The fitness industry needed a wakeup call: People with disabilities do not feel at home inside their spaces. Research from Degree partner Lakeshore Foundation, a nonprofit organization specializing in sports science for athletes with disabilities around the world, found that 81% of people with disabilities do not feel welcome in fitness spaces. It's evident that disabled athletes face heightened discrimination and bias as a result of societal ability standards. This is compounded by the lack of representation of disabled trainers and coaches in the fitness industry and the limited access to inclusive fitness spaces.
My primary role is the ultimate time keeper for execution feasibility, painting new scenarios upon expiration of deadlines, and ensuring Clients + partnering agencies are all marching on the same time and tune with our relentlessly pivoting team of Earned, Crisis, Purpose, Digital, Creative, and Experiential team members.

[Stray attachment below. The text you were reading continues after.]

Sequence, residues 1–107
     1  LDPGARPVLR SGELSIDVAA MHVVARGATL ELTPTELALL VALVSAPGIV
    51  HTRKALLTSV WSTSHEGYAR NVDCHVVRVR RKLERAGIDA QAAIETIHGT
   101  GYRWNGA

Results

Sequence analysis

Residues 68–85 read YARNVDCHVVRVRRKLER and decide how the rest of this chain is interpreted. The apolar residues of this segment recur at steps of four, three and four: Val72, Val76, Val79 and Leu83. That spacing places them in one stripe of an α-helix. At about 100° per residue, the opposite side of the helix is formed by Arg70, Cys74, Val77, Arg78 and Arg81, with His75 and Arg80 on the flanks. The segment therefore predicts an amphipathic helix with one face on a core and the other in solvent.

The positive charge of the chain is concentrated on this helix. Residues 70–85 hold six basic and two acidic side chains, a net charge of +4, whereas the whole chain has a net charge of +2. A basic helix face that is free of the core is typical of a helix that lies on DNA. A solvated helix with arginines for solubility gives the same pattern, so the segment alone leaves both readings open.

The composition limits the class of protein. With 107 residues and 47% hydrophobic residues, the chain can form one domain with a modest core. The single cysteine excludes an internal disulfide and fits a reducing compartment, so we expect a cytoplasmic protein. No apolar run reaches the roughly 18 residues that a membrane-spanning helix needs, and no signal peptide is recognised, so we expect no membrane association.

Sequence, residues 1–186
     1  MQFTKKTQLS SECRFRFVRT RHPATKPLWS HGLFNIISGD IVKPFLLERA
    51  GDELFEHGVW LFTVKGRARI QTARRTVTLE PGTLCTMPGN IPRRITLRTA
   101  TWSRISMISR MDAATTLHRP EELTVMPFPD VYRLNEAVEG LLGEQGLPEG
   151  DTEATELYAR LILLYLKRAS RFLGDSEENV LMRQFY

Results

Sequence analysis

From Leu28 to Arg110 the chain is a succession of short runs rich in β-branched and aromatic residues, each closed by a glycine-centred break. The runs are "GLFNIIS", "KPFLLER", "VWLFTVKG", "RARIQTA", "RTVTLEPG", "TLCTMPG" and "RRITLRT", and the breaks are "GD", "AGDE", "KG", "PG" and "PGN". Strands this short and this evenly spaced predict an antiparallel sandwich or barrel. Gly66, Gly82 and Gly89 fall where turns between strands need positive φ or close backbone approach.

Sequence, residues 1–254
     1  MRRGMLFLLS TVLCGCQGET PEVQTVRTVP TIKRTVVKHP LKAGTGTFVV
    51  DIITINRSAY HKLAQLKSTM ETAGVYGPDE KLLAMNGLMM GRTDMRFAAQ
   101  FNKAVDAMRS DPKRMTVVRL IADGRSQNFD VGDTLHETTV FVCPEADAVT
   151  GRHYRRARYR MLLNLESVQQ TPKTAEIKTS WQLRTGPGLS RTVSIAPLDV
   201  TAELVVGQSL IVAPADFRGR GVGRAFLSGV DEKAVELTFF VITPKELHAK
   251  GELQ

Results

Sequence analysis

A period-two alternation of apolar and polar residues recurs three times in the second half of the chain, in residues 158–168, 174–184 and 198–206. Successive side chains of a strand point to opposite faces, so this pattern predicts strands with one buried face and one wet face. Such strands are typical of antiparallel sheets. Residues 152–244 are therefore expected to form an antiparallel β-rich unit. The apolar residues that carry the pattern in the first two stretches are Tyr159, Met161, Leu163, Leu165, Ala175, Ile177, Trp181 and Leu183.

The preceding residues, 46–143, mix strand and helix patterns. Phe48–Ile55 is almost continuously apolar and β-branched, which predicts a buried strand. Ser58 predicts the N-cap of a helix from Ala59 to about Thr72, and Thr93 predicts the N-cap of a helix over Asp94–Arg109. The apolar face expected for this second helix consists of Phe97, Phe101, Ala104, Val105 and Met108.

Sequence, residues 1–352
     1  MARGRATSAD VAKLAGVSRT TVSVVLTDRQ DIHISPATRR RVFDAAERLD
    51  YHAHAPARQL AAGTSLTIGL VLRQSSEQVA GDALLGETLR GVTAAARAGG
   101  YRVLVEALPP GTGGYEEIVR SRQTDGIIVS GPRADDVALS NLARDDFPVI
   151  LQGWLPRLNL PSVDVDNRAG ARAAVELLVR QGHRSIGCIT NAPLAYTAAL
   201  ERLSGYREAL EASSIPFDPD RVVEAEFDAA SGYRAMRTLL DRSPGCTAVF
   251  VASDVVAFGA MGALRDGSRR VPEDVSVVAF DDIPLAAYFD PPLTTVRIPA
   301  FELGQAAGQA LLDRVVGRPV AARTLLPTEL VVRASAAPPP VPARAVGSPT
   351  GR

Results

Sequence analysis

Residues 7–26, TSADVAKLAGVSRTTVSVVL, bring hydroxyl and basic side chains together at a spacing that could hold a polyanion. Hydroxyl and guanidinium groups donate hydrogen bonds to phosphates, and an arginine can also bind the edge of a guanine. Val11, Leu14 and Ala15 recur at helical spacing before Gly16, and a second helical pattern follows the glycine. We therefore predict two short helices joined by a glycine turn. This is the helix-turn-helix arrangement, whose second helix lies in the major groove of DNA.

Tools used: SmartSheet, content production tracker, relentless campaign timeline revisions and broadcasting it out.
Degree released an open letter in The New York Times calling on the fitness industry to join the brand in creating a more inclusive world for people with disabilities. This letter includes an open invitation for fitness industry leaders to participate in the brand's first-ever inclusive pop-up cycling classes led by Blake Leeper. The same day, mobile billboards went to the offices of fitness companies in New York to challenge the industry directly. And new marketing starring professional surfer Bethany Hamilton also aired during the Paralympic games to show how movement is truly for everyone.